Onstage, though, Hannah Huston is a bluesy force of growling nature. She has no idea what to do with herself, but it doesn’t even matter! Her “House of the Rising Sun” is truly inspired, and everyone gives her a standing ovation. This is awkward for Malik, because he is next. He is fine. One might even say he is lovely. After a bunch of fake deliberation, Pharrell decides to go with his gut for a change and pick Hannah, because she is “the all-around full package.” And she doesn’t even know it!

Next up, we get the battle of Katie Basden and Lacy Mandigo. I am going to say something controversial right now: I just can’t get behind Lacy Mandigo even if she is a true original or whatever. Anyway, she’s doing “Zombie” by the Cranberries, because her grandfather fought in World War II. Miley thinks she is edgy. Blake thinks she is the future of rock music. I think I am rooting for Katie Basden, who’s singing “Gypsy” by Fleetwood Mac. I keep forgetting Katie Basden exists, but she is great, it turns out! Miley is getting chills, even in her furry pink bathrobe-coat. Just imagine what it is like for the rest of us.

Katie’s performance is crisp and soulful and polished, even though they have dressed her in rags for some reason. Lacy, meanwhile, stalks around the stage, roaring edgily. Poor Blake! This is going to be so hard for him. “I make myself a promise as a coach that I’m going to reward the person who sings the best,” he says, steeling himself: The winner is Katie, even if it pains him. It is almost like it is the end of the road for Lacy Mandigo, except that it isn’t, because Pharrell steals her immediately. And then Adam also steals her! Lacy is really getting the full voice experience. Ultimately, she takes a spot with Pharrell, because he is going to help her discover all the tools in her shed.

Christina has paired Alisan Porter with tonight’s human sacrifice, young Daniel Passino. Instead of actually coaching Alisan Porter, Miley and Christina chat with her about what it’s like to be a child star, since that is a fun thing they all have in common. Also, her haunting rendition of Joni Mitchell’s “River” is already perfect, informed by years of struggle and pain. Christina suggests she look into the light more, maybe? That’s about it. “She just triggers emotion,” Christina raves. I know this to be true, because I have been listening to her “Blue Bayou” all week while gently weeping.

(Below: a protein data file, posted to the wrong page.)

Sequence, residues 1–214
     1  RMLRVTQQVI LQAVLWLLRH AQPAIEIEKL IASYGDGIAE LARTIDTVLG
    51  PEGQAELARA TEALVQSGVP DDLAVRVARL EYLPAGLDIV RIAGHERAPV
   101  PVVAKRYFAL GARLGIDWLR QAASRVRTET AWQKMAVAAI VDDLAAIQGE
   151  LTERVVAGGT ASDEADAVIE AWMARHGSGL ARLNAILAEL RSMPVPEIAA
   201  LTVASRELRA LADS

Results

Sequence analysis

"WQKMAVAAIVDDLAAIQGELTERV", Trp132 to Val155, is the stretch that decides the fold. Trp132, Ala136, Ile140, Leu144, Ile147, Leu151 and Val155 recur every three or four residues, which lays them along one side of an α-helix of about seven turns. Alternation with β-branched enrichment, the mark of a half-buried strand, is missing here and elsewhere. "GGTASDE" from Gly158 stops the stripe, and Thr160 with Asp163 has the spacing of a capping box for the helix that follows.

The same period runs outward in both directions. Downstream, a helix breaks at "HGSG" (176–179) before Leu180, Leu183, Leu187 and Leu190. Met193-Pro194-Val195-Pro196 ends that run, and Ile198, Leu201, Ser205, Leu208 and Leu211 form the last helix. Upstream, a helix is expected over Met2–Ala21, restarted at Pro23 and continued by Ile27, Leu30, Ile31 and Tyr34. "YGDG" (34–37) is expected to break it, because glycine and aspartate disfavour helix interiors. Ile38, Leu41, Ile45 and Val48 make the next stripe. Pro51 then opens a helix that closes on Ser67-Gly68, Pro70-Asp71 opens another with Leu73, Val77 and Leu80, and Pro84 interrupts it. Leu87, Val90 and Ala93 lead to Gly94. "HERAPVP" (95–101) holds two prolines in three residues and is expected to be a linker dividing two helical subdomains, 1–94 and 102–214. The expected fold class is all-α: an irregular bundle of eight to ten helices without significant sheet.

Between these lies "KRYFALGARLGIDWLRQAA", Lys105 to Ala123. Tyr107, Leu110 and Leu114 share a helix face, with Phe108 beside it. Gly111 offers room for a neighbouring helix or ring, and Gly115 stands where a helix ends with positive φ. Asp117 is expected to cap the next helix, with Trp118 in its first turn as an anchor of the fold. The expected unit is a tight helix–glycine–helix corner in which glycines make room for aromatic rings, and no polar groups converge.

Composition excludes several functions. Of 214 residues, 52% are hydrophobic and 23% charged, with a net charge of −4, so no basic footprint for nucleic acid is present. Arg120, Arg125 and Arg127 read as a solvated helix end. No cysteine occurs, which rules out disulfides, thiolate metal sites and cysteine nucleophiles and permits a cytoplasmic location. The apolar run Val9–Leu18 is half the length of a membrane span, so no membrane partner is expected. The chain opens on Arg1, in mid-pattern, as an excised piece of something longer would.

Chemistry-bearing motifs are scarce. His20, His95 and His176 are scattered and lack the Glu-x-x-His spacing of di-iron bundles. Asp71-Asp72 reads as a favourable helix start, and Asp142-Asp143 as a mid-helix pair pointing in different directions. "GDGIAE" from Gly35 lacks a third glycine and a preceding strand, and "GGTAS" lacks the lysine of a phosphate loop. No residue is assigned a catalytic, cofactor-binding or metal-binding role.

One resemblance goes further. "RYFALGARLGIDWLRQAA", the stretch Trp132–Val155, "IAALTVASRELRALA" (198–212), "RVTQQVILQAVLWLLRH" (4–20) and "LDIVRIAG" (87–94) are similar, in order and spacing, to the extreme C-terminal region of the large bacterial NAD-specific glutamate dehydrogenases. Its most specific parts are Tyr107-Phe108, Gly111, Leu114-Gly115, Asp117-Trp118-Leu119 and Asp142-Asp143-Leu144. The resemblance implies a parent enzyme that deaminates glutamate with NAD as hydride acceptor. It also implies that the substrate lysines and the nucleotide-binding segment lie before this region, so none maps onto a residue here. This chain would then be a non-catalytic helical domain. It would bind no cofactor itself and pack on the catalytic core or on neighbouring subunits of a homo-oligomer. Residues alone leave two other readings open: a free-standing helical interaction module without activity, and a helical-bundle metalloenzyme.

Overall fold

There is no hope for Daniel Passino, but he makes a valiant effort. He sings “Ain’t Too Proud to Beg” by the Temptations, because he is from the Midwest. As predicted, he is promptly devoured by wolves. I feel terrible about it. Obviously, so does Daniel Passino. “He just had that young, fiery ambition,” says Pharrell, mournfully. “It’s just that she’s like a unicorn.” And she is, a unicorn that is going to win The Voice.

Last but not least! Pharrell is pitting 17-year-old Emily Keener against 15-year-old Shalyah Fearing, because they are “two old souls” trapped in the bodies of two young teenagers. Shalyah’s doing “A Broken Wing,” by Martina McBride, which Pharrell observes is “an interesting song choice, because she’s not a country singer.” Emily Keener is singing “Big Yellow Taxi” by Joni Mitchell, because that is what 17-year-old folk singers do. This is a very stressful battle; I don’t even know what I want. Emily is a quirky performer with a gorgeous, eerily clear voice, but then Shalyah is a flat-out revelation in a peplum. All of the judges agree they’d pick Shalyah, but Pharrell’s gut says the winner is Emily. “What?” shrieks Emily. Frankly, I did not see this coming either. It’s fine, though, because Adam swoops in to scoop up Shalyah, and now we can breathe again.

That’s a wrap, folks. Tonight the knockouts continue. Can anyone beat Alisan Porter, I wonder? Also, how many times have you watched “Blue Bayou” on YouTube? And why were there no Nissan Muranos in this episode? It is like you can’t count on anything anymore.